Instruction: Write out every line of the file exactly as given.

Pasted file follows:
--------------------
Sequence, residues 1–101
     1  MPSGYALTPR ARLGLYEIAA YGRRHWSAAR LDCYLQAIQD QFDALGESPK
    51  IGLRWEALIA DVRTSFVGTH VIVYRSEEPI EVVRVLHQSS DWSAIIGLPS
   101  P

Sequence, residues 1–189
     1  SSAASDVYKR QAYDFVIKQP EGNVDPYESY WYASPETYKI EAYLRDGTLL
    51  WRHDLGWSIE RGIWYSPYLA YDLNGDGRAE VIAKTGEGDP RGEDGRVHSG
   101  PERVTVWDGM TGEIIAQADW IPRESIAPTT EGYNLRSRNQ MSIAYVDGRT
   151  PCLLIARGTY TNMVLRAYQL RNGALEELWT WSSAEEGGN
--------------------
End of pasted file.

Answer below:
Sequence, residues 1–101
     1  MPSGYALTPR ARLGLYEIAA YGRRHWSAAR LDCYLQAIQD QFDALGESPK
    51  IGLRWEALIA DVRTSFVGTH VIVYRSEEPI EVVRVLHQSS DWSAIIGLPS
   101  P

Sequence, residues 1–189
     1  SSAASDVYKR QAYDFVIKQP EGNVDPYESY WYASPETYKI EAYLRDGTLL
    51  WRHDLGWSIE RGIWYSPYLA YDLNGDGRAE VIAKTGEGDP RGEDGRVHSG
   101  PERVTVWDGM TGEIIAQADW IPRESIAPTT EGYNLRSRNQ MSIAYVDGRT
   151  PCLLIARGTY TNMVLRAYQL RNGALEELWT WSSAEEGGN